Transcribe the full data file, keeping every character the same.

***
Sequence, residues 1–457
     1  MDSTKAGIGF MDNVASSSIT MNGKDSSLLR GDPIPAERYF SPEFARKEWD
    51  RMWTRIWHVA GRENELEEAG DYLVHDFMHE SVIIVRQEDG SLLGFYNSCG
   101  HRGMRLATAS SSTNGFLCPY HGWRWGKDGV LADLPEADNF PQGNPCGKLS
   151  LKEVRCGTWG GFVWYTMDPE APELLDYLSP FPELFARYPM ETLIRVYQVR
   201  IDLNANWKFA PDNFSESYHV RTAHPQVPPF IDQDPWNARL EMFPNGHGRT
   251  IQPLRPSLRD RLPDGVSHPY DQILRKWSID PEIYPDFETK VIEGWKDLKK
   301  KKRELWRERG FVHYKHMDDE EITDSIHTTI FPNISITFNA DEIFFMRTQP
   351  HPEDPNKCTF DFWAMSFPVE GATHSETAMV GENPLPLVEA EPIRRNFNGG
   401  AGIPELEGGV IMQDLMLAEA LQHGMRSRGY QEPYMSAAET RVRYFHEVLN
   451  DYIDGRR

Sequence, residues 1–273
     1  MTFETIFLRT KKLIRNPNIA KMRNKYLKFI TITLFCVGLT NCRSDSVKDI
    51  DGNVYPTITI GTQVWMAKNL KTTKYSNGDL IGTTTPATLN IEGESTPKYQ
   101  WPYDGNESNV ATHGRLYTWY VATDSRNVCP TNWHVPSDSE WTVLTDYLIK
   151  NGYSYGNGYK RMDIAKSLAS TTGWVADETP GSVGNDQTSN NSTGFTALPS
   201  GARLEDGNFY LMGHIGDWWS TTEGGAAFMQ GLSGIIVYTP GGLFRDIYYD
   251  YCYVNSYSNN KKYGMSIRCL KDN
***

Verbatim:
Sequence, residues 1–457
     1  MDSTKAGIGF MDNVASSSIT MNGKDSSLLR GDPIPAERYF SPEFARKEWD
    51  RMWTRIWHVA GRENELEEAG DYLVHDFMHE SVIIVRQEDG SLLGFYNSCG
   101  HRGMRLATAS SSTNGFLCPY HGWRWGKDGV LADLPEADNF PQGNPCGKLS
   151  LKEVRCGTWG GFVWYTMDPE APELLDYLSP FPELFARYPM ETLIRVYQVR
   201  IDLNANWKFA PDNFSESYHV RTAHPQVPPF IDQDPWNARL EMFPNGHGRT
   251  IQPLRPSLRD RLPDGVSHPY DQILRKWSID PEIYPDFETK VIEGWKDLKK
   301  KKRELWRERG FVHYKHMDDE EITDSIHTTI FPNISITFNA DEIFFMRTQP
   351  HPEDPNKCTF DFWAMSFPVE GATHSETAMV GENPLPLVEA EPIRRNFNGG
   401  AGIPELEGGV IMQDLMLAEA LQHGMRSRGY QEPYMSAAET RVRYFHEVLN
   451  DYIDGRR

Sequence, residues 1–273
     1  MTFETIFLRT KKLIRNPNIA KMRNKYLKFI TITLFCVGLT NCRSDSVKDI
    51  DGNVYPTITI GTQVWMAKNL KTTKYSNGDL IGTTTPATLN IEGESTPKYQ
   101  WPYDGNESNV ATHGRLYTWY VATDSRNVCP TNWHVPSDSE WTVLTDYLIK
   151  NGYSYGNGYK RMDIAKSLAS TTGWVADETP GSVGNDQTSN NSTGFTALPS
   201  GARLEDGNFY LMGHIGDWWS TTEGGAAFMQ GLSGIIVYTP GGLFRDIYYD
   251  YCYVNSYSNN KKYGMSIRCL KDN